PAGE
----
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Boolean searching is a method of combining keywords/concepts using the following three words to improve the relevancy and the precision of search results in a search engine.
AND - NOT - OR
This method is utilized by catalogues, databases, and online search tools. In an academic search engine like Discovery these are not simply words but, they are logical commands and each one of them have their distinctive function.
AND operator narrows your search and returns less results. In a search where you would like to find sources that covers multiple concepts you should use AND. For example, LeadershipAND Social Work (see image)combined in the same search using AND. In theory, this should return results that have the mention of both Leadership plus Social Work. For instance, if a paper mentions only Leadership but not Social Work, it will not appear in your search results.
OR operator broadens your search and returns more results. Using OR you can connect two or more similar concepts. You could connect similar terms, those could be:
In the example displayed on the right Higher Education combined with University using OR operator. This means they both have equal value and your search could return papers that has mention of one or the other or both.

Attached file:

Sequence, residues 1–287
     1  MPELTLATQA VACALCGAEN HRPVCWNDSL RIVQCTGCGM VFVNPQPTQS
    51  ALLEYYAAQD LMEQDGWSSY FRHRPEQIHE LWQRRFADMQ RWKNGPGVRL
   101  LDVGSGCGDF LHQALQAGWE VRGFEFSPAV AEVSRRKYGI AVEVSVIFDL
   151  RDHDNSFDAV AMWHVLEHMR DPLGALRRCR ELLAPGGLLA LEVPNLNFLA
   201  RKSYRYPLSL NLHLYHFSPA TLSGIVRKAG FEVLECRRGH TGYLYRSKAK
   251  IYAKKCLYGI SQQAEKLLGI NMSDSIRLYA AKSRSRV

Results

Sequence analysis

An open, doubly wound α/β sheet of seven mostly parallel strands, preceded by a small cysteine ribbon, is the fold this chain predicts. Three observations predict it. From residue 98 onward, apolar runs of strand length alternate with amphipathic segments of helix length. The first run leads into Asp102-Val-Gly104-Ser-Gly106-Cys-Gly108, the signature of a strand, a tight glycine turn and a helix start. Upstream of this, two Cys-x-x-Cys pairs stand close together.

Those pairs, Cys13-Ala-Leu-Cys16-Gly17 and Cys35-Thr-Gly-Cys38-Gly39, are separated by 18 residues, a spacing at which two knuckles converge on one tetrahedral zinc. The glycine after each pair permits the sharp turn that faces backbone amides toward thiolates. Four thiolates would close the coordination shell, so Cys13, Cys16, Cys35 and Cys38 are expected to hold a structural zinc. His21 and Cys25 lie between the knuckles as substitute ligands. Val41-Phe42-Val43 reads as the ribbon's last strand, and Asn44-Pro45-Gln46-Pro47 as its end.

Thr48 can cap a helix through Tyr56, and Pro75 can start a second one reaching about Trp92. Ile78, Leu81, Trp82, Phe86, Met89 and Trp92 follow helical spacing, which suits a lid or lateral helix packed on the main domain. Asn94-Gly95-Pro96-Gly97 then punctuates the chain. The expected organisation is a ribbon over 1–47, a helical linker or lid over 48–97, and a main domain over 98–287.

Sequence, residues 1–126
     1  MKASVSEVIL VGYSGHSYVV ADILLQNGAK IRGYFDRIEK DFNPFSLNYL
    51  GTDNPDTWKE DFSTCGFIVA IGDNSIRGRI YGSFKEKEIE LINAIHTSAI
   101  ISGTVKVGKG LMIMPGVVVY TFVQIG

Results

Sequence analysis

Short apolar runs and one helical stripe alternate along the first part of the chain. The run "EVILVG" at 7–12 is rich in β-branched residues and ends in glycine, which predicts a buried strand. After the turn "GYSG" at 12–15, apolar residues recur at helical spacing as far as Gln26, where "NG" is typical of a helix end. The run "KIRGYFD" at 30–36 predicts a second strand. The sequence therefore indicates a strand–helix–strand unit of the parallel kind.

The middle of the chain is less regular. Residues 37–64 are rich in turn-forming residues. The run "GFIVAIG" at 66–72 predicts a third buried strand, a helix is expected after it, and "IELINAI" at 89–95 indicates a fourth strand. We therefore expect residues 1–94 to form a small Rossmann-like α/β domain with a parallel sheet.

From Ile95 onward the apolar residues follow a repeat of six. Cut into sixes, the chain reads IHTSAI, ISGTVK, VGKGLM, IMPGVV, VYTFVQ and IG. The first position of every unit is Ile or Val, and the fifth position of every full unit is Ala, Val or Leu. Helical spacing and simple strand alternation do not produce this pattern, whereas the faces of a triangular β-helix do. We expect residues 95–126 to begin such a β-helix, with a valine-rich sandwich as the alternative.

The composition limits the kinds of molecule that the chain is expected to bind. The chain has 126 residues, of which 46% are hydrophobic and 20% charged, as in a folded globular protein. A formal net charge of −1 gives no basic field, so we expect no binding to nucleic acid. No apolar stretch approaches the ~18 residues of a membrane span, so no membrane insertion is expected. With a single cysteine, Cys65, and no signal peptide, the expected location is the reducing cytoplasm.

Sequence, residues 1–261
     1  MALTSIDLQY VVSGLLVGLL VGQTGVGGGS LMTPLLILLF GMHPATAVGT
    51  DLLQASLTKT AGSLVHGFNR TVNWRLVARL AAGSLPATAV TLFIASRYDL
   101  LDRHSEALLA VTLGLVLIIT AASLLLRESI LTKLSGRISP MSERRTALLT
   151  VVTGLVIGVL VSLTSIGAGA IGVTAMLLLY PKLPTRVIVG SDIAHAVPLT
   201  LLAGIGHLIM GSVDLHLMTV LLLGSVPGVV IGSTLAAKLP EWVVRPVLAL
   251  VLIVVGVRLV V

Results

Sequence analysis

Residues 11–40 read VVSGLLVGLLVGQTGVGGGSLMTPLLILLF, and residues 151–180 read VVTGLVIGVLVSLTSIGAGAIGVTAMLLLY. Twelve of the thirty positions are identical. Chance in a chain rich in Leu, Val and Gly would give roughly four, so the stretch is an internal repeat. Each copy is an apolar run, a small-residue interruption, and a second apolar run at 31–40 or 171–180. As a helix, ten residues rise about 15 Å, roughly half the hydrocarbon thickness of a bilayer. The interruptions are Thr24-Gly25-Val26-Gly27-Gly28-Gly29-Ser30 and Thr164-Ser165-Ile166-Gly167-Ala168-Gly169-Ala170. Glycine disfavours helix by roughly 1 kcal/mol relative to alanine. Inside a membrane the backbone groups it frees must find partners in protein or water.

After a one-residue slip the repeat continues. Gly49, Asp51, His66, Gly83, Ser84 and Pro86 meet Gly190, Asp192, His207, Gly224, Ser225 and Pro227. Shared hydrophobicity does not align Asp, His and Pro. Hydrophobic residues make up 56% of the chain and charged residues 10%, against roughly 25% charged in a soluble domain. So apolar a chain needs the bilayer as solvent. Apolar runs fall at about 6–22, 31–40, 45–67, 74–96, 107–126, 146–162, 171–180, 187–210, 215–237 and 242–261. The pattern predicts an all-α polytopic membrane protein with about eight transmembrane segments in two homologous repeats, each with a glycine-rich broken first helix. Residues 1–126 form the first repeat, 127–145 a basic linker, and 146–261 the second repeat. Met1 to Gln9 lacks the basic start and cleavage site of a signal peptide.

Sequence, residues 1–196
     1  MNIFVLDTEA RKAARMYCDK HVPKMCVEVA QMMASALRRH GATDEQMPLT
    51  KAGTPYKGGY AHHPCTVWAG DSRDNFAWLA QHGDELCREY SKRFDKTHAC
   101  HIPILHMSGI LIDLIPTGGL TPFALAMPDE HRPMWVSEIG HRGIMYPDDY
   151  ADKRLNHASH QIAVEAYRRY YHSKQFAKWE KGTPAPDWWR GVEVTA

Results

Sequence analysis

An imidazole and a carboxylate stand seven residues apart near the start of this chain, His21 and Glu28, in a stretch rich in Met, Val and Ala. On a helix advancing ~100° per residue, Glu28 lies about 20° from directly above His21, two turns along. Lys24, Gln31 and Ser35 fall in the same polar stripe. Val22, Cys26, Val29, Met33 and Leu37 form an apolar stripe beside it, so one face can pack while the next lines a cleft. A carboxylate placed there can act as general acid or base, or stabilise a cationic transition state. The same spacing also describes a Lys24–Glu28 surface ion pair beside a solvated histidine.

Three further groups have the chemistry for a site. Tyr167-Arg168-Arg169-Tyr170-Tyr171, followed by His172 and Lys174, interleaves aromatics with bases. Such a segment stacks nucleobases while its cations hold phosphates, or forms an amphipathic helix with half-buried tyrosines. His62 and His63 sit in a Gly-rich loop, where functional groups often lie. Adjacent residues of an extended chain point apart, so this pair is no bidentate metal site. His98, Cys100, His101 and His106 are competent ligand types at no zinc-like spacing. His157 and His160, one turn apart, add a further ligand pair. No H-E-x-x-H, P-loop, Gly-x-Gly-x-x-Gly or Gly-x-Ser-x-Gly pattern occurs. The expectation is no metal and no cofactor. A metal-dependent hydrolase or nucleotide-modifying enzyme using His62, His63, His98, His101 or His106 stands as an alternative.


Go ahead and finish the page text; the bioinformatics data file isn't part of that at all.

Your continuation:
NOT operator narrows your search and returns less results. In a search where you would like to exclude sources which have a mention of a term in relation to another you could use NOT. For example, Social media NOT Facebook.
In Discovery Search three of the Boolean Operators are on the left side of the search box in a dropdown menu where you could choose the appropriate one. The general practice is to select "AND" on the dropdown menu and type the "OR" operator in the search boxes. See the example in the image below: